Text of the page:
• The operator precedence will be the same as in most languages.

  • ()

  • *,/, MOD,DIV

  • +,-

  • AND

  • OR

  • NOT

  • Using parentheses to make expressions clearer, even when they are correct by operator precedence is good practice and should be encouraged.

  • String manipulation

  1. understand and use a range of operators and built-in functions for string manipulation including location (LOCATE), extraction (LEFT, MID, RIGHT), comparison, concatenation, determining the length of a string (LENGTH) and converting between characters and their ASCII code (ASCII and CHAR);

  2. understand that relational operations on alphanumeric strings depend on character codes of the characters and explain the results of this effect (e.g. why ‘XYZ’ < ‘abc’,‘2’ > ‘17’ and ‘3’ <> ‘3.0’);

  • Every programmer needs to be familiar with string manipulation techniques. While these vary from language to language, the candidate needs to know at least the basic functions given.

  • Examples of applications for string manipulation which could be used to create exercises for candidates are:

  • using different ciphers to write messages in code and convert them back into plain text;

  • rearranging unstructured text data;

  • Grabbing data from files (e.g.TV listings from web pages)

  • Input and output facilities

  1. input and validate data;

  2. output data onto screen/file/printer, formatting the data for output as necessary.

  • It is likely that most of the programs written by candidates will require some data to be input from the user and will produce some output, so candidates will be familiarising themselves with the input and output facilities of the language all through the course.

  • Where candidates are using a visual environment, they should be encouraged to explicitly input values by assigning variables to the contents of text boxes, drop down lists etc... instead of working directly with UI objects. This will ensure that the data is of the correct data type and provide an opportunity for validation.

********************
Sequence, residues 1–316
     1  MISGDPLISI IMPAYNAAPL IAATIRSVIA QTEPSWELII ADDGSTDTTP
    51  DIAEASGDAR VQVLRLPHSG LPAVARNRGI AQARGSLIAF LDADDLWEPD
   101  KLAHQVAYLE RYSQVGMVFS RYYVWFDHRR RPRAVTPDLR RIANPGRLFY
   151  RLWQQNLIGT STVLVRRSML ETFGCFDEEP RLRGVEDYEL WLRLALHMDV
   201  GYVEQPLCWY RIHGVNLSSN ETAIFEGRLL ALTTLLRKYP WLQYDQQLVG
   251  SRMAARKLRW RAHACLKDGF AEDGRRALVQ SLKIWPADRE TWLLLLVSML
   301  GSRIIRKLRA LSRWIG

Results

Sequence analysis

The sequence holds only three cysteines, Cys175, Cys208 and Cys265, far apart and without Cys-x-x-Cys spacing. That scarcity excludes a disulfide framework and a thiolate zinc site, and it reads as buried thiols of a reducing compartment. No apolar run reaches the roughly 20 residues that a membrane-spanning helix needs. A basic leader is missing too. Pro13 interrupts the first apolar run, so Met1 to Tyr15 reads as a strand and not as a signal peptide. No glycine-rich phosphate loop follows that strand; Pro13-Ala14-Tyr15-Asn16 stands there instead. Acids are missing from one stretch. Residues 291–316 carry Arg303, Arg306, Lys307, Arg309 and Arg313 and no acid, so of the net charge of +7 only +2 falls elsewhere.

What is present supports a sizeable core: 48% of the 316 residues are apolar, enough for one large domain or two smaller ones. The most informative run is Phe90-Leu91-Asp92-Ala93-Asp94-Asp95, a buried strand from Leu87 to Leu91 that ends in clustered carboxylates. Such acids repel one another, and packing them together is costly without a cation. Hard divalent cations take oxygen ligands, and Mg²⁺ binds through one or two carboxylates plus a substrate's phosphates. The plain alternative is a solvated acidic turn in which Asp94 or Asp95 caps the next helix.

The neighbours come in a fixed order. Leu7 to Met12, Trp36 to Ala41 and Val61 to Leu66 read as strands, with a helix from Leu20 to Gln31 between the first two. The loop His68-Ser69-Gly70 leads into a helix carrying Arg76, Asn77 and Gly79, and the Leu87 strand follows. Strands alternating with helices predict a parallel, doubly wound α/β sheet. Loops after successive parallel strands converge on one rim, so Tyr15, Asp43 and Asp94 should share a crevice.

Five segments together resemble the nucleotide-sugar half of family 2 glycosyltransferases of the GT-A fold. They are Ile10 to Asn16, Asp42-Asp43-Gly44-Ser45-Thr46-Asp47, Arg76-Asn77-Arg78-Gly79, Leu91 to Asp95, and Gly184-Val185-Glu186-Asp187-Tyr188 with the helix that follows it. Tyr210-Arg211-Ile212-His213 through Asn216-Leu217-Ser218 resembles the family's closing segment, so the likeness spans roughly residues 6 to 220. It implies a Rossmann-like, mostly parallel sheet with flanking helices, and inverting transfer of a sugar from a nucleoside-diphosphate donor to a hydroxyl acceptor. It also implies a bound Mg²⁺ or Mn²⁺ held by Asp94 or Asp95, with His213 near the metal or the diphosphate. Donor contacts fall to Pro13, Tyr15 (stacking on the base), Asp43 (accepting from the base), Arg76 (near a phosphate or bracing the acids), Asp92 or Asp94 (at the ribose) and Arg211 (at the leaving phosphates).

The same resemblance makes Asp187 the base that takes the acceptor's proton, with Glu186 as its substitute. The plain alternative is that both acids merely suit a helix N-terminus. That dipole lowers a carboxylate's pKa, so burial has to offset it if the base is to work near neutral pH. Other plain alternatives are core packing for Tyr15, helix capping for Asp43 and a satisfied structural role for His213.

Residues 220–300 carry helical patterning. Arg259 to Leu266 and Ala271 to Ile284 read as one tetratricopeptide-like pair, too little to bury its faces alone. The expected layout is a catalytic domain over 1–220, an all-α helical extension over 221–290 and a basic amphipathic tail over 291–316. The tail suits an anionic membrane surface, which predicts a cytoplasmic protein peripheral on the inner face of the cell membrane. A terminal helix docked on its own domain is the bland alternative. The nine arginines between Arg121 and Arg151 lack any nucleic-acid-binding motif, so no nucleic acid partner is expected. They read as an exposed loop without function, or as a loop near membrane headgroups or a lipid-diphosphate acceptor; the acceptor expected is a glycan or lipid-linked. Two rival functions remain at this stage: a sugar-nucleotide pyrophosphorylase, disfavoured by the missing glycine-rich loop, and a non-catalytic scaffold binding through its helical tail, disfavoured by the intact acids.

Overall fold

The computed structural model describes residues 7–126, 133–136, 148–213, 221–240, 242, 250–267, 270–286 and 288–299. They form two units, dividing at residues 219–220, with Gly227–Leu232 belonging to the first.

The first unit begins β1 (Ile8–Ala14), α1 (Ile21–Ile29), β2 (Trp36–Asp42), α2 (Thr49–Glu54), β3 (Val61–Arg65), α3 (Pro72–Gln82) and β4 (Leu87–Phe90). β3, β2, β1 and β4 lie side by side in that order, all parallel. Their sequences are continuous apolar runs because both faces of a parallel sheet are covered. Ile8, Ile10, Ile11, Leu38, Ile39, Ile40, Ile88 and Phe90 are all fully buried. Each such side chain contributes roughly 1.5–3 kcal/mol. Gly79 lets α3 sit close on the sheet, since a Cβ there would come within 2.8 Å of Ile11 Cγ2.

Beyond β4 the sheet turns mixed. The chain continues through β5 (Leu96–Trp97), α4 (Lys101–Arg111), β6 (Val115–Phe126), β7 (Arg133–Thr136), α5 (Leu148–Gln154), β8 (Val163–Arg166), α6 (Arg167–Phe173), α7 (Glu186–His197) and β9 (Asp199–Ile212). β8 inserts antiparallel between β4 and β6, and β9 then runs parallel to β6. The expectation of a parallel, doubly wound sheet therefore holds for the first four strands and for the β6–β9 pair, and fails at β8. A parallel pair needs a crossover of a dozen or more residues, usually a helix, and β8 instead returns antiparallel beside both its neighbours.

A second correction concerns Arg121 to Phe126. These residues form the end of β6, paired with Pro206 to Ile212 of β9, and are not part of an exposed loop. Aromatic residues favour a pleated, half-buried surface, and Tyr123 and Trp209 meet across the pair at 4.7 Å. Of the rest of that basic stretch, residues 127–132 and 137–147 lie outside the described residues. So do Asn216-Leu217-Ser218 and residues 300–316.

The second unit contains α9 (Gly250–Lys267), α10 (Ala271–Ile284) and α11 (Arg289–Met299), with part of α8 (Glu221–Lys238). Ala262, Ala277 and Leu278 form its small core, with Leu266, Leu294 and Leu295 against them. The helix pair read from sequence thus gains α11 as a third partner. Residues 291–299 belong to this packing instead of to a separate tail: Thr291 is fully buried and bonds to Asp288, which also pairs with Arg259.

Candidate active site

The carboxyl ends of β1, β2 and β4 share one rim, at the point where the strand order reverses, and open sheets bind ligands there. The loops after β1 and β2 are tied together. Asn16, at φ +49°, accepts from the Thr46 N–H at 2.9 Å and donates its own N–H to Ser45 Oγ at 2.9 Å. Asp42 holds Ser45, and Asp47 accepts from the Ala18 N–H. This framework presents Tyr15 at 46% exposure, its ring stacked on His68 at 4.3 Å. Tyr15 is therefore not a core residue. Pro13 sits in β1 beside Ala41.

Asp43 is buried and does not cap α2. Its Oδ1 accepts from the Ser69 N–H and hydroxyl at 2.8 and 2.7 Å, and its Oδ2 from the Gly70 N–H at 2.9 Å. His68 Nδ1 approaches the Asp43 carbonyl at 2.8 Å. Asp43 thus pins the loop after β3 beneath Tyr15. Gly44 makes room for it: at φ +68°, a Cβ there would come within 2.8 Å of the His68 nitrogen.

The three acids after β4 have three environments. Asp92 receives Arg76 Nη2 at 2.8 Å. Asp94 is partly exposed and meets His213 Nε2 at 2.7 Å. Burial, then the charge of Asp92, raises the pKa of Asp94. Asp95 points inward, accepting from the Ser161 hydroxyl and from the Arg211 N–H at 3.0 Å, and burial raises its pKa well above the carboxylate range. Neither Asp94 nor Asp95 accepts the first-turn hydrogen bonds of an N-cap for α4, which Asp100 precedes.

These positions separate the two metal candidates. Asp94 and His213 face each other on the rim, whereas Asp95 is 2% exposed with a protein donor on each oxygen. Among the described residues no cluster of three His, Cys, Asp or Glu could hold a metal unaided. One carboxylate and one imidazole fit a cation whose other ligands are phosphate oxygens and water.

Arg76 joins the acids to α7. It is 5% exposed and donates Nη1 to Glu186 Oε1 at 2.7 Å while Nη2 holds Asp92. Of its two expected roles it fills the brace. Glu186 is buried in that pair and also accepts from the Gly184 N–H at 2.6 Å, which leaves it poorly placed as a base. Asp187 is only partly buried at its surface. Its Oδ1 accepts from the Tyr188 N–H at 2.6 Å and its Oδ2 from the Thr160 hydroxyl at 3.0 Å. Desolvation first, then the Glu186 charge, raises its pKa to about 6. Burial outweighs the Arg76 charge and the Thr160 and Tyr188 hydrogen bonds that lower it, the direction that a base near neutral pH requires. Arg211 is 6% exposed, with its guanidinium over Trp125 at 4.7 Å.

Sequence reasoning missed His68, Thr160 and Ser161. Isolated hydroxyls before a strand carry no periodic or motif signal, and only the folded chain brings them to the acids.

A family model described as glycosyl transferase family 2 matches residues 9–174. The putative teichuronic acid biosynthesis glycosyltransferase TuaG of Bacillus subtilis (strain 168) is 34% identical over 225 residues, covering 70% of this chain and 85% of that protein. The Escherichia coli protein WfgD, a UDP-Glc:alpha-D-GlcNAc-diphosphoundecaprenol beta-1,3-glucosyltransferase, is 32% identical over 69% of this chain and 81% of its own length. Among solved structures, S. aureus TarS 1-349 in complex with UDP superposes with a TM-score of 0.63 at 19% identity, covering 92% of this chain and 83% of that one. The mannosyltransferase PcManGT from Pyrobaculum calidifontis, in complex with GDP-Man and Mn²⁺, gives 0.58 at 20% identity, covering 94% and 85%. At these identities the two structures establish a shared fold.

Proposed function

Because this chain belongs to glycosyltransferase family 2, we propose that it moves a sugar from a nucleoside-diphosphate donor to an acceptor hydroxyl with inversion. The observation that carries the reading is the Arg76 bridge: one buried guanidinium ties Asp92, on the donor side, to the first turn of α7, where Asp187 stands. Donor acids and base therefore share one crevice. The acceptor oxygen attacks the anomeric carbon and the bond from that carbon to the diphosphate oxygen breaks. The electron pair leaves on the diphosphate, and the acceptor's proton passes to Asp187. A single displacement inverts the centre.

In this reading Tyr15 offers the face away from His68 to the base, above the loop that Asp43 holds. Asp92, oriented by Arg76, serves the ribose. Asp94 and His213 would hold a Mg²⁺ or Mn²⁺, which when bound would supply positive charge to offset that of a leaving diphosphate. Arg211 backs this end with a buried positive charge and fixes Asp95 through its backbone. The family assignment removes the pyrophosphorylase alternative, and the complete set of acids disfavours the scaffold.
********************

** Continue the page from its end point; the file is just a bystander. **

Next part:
• As candidates progress, they should learn to always validate inputs. They should regularly be set the task to make each other’s work crash by entering invalid data. As they progress, they should also explore other forms of output than the screen.

GCE Computing H047/H447:
Unit F452 – Programming Techniques and Logical Methods

Section 5 : Writing maintainable programs

Suggested teaching time range

Specification content

Teacher guidance

Section summary

Candidates should be able to:

Clarification and suggestions

Teacher notes

  • Declaring and using variables and constants

  • Self-documented code, including identifiers, annotation and formatting

  • Modularised code

  1. define, understand and use the following terms correctly as they apply to programming: variable, constant, identifier, reserved word/keyword;

  2. explain the need for good program writing techniques to facilitate the ongoing maintenance of programs;

  3. declare variables and constants, understanding the effect of scope and issues concerning the choice of identifier (including the need to avoid reserved words/keywords);

  4. select and use meaningful identifier names and use standard conventions to show the data types and enhance readability;

  5. use declared constants to improve maintainability;

  6. initialise variables appropriately, before using them;

  7. create appropriately modularised programs making effective use of subroutines to improve maintainability;

  8. annotate the code with comments so that the logic of the solution can be followed;